Close this search box.



Originally published on October 30, 2023 by the Frontier Centre for Public Policy

James C. McCrae 

Only one explanation for this phenomenon can be “the truth”.

Recently, an Indigenous acquaintance asked me if I had ever taken a course or undergone training on understanding Indigenous worldviews or perspectives. He also asked if I had ever tried incorporating two-eyed seeing into my life and thought processes.

My correspondent feels it is almost impossible for me, a white man, to understand the generational effects of colonialism “which would now be classified as white nationalism”.

He told me that within an Indigenous worldview, “there can be many truths”. As an example of an Indigenous worldview, he wrote “John A. Macdonald was a nation builder. He was also a racist.” He denounced Macdonald, charging that he “coerced (First) nations into treaty through starvation, moved the schools off reserves, and implemented the pass system.”  He offered no context for any of these events — context that would help us understand the times, the challenges, and the requirements of adjusting to 19th and 20th century changing realities. He also failed to address the need to keep peace between Indigenous and newer Canadians. 

Sir John Alexander Macdonald, Canada’s First Prime Minister, who had Indigenous friends and whose government permitted school attendance for Indigenous children to be voluntary

To my acquaintance’s argument, I replied that I had not taken any courses on Indigenous worldviews or perspectives. And perhaps that is why I cannot understand – or accept –  the idea that “there can be many truths”. 

I accept that people can view events in different ways and arrive at different conclusions, but there is still only one “truth”. If some people believe there can be more than one truth, I must disagree. Some may believe in “alternative truths” but I do not.

Indigenous or otherwise, let’s not confuse “worldviews” or “perspectives” with “truth”.

If it is true that the treaties were coerced, why do so many First Nations rely on them today? Some Indigenous leaders and activists even call them “sacred”.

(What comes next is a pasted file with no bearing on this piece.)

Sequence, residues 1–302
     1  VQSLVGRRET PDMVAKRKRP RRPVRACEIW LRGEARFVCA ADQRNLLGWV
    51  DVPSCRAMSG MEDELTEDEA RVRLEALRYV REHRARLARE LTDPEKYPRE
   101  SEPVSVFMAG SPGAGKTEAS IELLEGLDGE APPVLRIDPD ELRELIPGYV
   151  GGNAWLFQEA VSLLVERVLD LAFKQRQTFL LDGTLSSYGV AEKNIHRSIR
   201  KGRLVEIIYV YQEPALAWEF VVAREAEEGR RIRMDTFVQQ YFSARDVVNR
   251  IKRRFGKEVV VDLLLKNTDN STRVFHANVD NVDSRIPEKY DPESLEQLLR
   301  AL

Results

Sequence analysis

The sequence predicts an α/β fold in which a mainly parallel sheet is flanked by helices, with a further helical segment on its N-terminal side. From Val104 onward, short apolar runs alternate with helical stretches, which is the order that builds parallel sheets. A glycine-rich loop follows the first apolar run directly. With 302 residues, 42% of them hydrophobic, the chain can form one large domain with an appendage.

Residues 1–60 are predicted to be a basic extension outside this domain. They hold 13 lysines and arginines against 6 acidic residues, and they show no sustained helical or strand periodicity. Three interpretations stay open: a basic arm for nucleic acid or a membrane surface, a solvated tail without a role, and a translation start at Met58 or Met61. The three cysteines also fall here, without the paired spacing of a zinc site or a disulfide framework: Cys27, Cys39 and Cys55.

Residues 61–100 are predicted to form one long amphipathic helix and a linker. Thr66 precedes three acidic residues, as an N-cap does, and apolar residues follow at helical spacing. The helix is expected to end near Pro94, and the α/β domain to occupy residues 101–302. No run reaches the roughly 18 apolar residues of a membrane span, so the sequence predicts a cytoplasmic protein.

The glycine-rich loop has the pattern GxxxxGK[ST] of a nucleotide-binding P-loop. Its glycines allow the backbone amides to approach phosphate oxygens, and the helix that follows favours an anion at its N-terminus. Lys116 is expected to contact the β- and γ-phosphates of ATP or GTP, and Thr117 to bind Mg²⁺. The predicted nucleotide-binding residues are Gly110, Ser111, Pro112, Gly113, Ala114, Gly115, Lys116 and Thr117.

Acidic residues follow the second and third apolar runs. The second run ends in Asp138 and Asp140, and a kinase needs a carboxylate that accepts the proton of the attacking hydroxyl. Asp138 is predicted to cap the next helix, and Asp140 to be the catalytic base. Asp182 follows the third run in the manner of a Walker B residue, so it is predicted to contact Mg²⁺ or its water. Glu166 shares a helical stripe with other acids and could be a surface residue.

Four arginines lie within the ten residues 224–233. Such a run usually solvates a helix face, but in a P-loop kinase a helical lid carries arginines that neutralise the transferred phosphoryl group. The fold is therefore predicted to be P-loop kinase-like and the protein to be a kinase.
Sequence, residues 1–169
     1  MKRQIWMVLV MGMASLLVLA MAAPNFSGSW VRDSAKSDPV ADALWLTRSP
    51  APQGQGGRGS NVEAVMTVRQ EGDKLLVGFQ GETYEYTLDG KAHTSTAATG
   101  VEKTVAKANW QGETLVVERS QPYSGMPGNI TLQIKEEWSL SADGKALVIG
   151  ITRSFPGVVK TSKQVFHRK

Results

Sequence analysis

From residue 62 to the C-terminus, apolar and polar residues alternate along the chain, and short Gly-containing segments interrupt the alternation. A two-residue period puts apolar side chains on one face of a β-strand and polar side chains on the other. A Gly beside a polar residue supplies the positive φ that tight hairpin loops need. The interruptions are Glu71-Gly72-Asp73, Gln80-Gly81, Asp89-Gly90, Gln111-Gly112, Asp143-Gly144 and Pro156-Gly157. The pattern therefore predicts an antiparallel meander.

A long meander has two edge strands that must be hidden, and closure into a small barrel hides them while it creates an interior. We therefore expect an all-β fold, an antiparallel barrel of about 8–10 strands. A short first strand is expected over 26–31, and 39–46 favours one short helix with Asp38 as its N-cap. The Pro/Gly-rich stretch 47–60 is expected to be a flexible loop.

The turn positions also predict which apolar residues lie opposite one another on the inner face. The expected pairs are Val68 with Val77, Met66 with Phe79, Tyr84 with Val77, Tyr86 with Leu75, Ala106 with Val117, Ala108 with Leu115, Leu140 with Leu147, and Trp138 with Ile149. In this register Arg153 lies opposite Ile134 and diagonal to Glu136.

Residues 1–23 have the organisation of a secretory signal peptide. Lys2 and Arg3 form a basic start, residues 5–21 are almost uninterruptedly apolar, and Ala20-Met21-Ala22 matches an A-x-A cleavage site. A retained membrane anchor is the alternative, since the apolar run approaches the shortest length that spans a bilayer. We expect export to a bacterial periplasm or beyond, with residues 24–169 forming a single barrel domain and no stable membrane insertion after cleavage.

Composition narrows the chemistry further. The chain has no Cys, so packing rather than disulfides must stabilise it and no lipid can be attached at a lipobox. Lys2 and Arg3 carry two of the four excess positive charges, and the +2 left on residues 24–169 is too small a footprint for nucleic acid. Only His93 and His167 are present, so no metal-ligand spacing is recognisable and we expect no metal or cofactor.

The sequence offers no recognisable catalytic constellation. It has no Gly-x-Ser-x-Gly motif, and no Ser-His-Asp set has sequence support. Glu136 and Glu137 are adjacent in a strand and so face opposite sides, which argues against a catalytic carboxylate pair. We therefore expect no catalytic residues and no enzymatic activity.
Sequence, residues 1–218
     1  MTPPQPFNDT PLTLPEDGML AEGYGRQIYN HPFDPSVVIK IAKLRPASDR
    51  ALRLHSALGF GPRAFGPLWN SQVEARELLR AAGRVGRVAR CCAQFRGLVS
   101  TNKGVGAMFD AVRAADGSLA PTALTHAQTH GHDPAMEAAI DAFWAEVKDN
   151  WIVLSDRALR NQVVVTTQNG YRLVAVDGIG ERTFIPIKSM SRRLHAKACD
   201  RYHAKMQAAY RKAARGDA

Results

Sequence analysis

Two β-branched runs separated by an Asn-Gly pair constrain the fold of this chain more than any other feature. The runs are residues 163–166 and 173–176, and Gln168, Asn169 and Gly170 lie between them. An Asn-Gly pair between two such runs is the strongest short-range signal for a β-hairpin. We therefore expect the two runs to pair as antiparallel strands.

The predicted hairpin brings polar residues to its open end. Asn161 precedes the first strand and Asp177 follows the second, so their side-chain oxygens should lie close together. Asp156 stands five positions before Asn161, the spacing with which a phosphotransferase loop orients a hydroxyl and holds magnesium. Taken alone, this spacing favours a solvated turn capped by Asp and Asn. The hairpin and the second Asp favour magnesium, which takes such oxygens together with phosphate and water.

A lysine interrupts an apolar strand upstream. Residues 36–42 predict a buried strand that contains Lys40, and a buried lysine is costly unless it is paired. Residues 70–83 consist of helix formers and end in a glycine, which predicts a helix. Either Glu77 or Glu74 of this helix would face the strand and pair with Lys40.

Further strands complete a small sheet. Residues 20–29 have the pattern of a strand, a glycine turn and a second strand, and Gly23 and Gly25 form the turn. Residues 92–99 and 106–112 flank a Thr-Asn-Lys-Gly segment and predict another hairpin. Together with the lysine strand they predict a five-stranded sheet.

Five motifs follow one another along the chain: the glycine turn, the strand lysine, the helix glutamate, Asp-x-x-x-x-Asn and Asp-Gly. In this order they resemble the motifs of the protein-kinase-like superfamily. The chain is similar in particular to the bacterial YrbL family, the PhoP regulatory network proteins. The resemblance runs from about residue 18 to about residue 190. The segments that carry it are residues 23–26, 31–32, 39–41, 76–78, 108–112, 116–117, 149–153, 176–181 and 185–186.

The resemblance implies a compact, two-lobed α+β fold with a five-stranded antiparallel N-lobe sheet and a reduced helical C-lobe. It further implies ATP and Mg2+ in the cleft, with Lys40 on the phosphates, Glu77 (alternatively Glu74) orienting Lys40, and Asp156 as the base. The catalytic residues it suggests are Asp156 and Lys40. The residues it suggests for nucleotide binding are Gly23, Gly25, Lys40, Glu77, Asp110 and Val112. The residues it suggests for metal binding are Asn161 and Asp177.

If the treaties were coerced, shouldn’t they be abandoned in favour of the recognition that all people in Canada are equal? After all, different status for different people is the antithesis of democracy. Or do we not believe that strengthening democracy should be our objective? How well have 147 years of Indian Act apartheid worked for First Nations Canadians so far?

My acquaintance failed to acknowledge that maintaining attendance at Indian day schools was a serious problem. Attendance was so low that keeping schools and staff available was not a reasonable thing to do. Indigenous children were not being educated. 

“Notoriously poor attendance” in Maritime day schools was one reason for establishment of the region’s only Indian Residential School at Shubenacadie, Nova Scotia.

My acquaintance failed to acknowledge that Indigenous leadership wanted residential schools. The leaders wanted their children to be educated, fed, clothed, sheltered and provided medical care when needed.

He failed to mention that the pass system — the requirement that Indigenous people obtain a travel document from an Indian agent in order to travel outside their Reserve — was discontinued approximately 80 years ago. It was introduced in 1885 because of the North-West Rebellion, when a number of Indians left several Reserves in Alberta and Saskatchewan to take up arms against the government (Pass System in Canada | The Canadian Encyclopedia). Although inconsistently enforced during the 50 years or so that it existed, the system was kept in place much too long, but it had been introduced for what was believed at the time to be a very sensible reason. 

A reserve pass issued by the Duck Lake Agency to a man who wished to visit his children at an Indian Industrial School in 1889. (Provincial Archives of Saskatchewan)

Sadly, racism was the way of the world in the early days. Racism still exists today but, working together, we can still make a positive difference for the Indigenous Canadians of the future.

Whether through two-eyed seeing, an Indigenous worldview, or some other means, a (diminishing) number of people still believe that 200 or more murdered Indigenous children were secretly buried — some buried by six-year-olds — in the former apple orchard of the Kamloops Indian Residential School in British Columbia. Some (again, diminishing, as truth emerges) still believe former AFN Grand Chief RoseAnne Archibald, who, in an interview with Stephen Sackur on BBC’s HardTalk in  August of 2021, told the world that 1600 murdered children’s bodies had been “recovered so  far.” 

Former AFN Grand Chief RoseAnne Archibald

Two-eyed seeing cannot render Archibald’s statement true. To date, not a single murdered Indigenous child’s body has been recovered.

But fortunately a rapidly-growing number of concerned Canadians are calling out for evidence before condemning our country as a genocidal state.

Many issues will be resolved if/when excavation takes place at Kamloops. When we know who those alleged victims of IRS enrolment were, how they died, and who their families are, we will then be in a much different position. But this matter has nothing at all to do with Indigenous worldviews and perspectives. It has nothing whatsoever to do with two-eyed seeing. 

Facts are facts, period.

Canadians are trying hard to learn more about our First Nations, Inuit and Metis people and our shared history, and most of us support efforts to make life better for everyone. But I sincerely hope that does not require us to believe things that are simply not true.

More content



Don't miss out.

Join the conversation with other IRSRG readers. Subscribe to leave a comment.

Already a subscriber? Log in